Star Trek Guide

Star Trek's Boldly Go: The Sequels Fans Should've Gotten

Star Trek: Boldly Go is the sequel fans of the J.J. Abrams’ movies should have gotten. Published by IDW, the series ran for two years and gave fans a tantalizing taste of what the Abrams movies could have been. Writing chores were handled by Mike Johnson and Ryan Parrott, with Tony Shasteen handling art duties.

J.J. Abrams rebooted the Star Trek franchise in 2009 with the movie of the same name. Dispensing with previous Trek continuity, the movies were set in an alternate timeline, officially called “The Kelvin Timeline,” named after the USS Kelvin, which was attacked by future Romulans, leading to the new timeline. It was followed by two more movies: 2013’s Star Trek: Into Darkness and 2016's Star Trek: Beyond. Whereas the first movie was met with acclaim from critics and Trekkies alike, reaction to the other two were more divided; Into Darkness was criticized for being a retread of Wrath of Khan and Beyond, while viewed slightly better, failed to capture the magic of the first film.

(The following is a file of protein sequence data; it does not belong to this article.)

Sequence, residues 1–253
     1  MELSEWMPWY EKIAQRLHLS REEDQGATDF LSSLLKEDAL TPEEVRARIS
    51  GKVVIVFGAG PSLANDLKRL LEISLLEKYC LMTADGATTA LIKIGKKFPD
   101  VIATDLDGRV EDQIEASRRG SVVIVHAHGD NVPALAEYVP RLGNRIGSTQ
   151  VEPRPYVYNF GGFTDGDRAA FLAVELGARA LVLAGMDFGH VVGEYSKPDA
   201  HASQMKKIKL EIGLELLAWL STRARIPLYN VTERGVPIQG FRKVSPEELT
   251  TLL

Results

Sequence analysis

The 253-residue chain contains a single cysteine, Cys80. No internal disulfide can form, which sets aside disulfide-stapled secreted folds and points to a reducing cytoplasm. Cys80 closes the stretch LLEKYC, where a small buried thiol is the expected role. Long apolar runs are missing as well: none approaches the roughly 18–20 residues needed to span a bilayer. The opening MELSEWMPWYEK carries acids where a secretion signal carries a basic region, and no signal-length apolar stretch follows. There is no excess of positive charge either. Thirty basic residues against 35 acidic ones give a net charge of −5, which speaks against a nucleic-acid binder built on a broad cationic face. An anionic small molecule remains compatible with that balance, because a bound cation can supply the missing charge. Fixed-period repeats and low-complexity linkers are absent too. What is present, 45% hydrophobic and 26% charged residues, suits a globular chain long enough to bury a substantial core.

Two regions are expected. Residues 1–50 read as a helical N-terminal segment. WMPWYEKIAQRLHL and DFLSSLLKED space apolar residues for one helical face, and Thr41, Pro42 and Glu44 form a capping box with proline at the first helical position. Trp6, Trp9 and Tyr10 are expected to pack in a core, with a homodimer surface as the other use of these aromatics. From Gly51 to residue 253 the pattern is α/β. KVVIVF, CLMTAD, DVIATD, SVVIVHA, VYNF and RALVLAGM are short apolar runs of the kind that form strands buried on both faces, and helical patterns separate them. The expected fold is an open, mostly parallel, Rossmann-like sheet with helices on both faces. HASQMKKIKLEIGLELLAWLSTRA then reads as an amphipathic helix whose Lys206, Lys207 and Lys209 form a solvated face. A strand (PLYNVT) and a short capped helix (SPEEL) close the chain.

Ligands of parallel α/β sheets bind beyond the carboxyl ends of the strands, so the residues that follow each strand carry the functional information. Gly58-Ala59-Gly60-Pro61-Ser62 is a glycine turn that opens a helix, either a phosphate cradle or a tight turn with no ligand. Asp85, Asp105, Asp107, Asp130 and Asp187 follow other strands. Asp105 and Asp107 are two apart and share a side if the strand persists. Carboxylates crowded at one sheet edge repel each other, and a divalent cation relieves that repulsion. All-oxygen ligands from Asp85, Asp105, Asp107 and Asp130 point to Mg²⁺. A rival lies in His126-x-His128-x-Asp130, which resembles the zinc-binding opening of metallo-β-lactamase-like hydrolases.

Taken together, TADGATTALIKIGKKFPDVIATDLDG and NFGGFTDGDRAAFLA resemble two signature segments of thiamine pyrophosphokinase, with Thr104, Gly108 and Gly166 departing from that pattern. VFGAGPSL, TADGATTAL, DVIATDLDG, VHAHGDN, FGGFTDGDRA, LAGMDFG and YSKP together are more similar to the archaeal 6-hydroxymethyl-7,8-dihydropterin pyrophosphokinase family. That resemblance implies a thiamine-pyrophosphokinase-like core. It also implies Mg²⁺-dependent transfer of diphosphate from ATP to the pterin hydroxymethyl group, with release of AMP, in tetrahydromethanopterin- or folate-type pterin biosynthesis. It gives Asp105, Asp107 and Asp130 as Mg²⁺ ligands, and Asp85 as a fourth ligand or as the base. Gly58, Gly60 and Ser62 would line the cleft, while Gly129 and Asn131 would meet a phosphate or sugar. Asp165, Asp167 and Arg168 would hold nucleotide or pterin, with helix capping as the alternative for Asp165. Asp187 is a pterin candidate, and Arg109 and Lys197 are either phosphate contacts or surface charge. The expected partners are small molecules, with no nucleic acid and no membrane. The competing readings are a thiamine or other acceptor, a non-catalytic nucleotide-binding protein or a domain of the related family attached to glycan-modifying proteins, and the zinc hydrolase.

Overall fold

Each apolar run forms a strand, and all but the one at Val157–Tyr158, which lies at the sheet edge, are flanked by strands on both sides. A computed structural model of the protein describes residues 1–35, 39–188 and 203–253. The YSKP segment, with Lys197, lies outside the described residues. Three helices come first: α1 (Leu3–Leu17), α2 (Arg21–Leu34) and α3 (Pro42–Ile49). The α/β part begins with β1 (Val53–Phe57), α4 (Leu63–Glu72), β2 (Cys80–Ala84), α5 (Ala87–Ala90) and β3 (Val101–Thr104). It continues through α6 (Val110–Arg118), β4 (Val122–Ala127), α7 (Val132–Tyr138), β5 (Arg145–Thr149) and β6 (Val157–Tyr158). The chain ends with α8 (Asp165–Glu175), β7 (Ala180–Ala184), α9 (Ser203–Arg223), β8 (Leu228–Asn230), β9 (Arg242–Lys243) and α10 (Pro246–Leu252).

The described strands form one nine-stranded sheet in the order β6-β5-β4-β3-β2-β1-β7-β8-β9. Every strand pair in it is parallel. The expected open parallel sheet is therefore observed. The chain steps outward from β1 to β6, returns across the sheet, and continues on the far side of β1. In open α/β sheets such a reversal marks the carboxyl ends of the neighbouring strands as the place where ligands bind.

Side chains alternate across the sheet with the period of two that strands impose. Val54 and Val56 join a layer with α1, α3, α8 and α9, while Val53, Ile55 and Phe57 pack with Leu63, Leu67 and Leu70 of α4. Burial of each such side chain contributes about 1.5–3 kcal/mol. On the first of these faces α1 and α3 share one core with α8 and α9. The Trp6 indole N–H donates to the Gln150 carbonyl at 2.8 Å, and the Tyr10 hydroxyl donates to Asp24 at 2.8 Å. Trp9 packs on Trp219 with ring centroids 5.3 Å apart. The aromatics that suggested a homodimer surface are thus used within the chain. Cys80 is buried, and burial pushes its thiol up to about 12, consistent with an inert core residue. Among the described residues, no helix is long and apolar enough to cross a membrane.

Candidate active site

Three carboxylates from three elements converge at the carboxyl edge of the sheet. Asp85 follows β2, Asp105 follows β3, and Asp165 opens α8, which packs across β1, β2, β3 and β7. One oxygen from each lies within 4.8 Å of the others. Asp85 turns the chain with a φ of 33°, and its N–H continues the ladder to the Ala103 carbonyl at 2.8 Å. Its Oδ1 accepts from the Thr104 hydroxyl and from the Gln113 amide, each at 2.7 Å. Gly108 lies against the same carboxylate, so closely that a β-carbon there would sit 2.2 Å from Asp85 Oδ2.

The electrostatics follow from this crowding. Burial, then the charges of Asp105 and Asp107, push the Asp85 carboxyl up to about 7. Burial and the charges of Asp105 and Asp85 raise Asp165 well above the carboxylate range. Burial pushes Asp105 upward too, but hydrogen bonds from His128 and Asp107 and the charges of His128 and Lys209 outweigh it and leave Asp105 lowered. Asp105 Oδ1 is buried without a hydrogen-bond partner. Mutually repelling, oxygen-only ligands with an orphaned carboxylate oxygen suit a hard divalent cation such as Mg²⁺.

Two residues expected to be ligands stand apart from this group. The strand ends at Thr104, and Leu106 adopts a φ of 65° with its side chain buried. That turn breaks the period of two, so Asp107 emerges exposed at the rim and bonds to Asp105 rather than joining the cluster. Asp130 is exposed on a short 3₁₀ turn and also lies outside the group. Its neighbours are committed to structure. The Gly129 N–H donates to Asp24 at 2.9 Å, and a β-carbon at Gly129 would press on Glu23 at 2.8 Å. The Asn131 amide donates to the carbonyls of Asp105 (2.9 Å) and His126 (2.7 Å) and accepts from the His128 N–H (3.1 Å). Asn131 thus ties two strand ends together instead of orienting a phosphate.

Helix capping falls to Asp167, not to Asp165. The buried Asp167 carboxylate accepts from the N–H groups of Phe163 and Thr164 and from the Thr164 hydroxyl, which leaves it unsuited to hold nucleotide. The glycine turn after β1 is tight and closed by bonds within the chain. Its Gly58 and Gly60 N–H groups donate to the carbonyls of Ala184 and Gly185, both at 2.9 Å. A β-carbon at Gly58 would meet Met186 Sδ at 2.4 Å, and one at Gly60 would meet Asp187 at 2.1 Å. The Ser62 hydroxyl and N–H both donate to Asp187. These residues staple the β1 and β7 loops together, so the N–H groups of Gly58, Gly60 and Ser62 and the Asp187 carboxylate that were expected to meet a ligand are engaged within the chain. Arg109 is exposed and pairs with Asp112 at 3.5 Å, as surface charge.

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The Kelvin timeline represented a golden opportunity to break with tradition and tell new stories with new characters that are not afraid to take risks, and Boldly Go does just that. Set after the events of Beyond, the series opens with Kirk now in command of the USS Endeavour. Spock and Uhura are on an extended sabbatical on Vulcan and Sulu is the first officer on the USS Concord. A number of new characters such as Valas, the only Romulan in Starfleet, are introduced as well.

But what sets Boldy Go apart are the stories, and the first arc shows that the best. The Borg, who are not known to the Federation at this time, attack the Federation, capturing Sulu’s husband and daughter, and attempt to assimilate Spock. A joint Romulan-Federation task force defeats the Borg, but knowing they will be back, the two attempt an alliance in the second story arc. The arc is every bit as epic as the movies, maybe even more so. Plot holes from the movies are filled in as well. For example, the Narada, the Romulan ship from the future that attacked the Kelvin, is explored further, revealing a surprising connection to the Borg.

Paramount seems to have abandoned the Kelvin timeline in favor of the original, meaning Boldy Go and any subsequent Kelvin Trek comics will be the only glimpses fans get of these characters. If that is the case, Star Trek: Boldly Go has proven itself as the Kelvin stories fans should have gotten all along.

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